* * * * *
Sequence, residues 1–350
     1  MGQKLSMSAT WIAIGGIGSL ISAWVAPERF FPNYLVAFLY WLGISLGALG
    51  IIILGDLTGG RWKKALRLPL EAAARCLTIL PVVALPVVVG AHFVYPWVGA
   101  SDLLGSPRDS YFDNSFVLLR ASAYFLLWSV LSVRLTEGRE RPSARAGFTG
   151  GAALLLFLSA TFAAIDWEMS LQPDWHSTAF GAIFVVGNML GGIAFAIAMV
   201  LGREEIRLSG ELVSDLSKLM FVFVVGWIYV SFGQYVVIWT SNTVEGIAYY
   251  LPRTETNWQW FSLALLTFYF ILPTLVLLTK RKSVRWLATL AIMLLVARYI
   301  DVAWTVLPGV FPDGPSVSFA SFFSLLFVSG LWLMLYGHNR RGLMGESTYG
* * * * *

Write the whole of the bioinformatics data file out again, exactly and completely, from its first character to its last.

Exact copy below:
Sequence, residues 1–350
     1  MGQKLSMSAT WIAIGGIGSL ISAWVAPERF FPNYLVAFLY WLGISLGALG
    51  IIILGDLTGG RWKKALRLPL EAAARCLTIL PVVALPVVVG AHFVYPWVGA
   101  SDLLGSPRDS YFDNSFVLLR ASAYFLLWSV LSVRLTEGRE RPSARAGFTG
   151  GAALLLFLSA TFAAIDWEMS LQPDWHSTAF GAIFVVGNML GGIAFAIAMV
   201  LGREEIRLSG ELVSDLSKLM FVFVVGWIYV SFGQYVVIWT SNTVEGIAYY
   251  LPRTETNWQW FSLALLTFYF ILPTLVLLTK RKSVRWLATL AIMLLVARYI
   301  DVAWTVLPGV FPDGPSVSFA SFFSLLFVSG LWLMLYGHNR RGLMGESTYG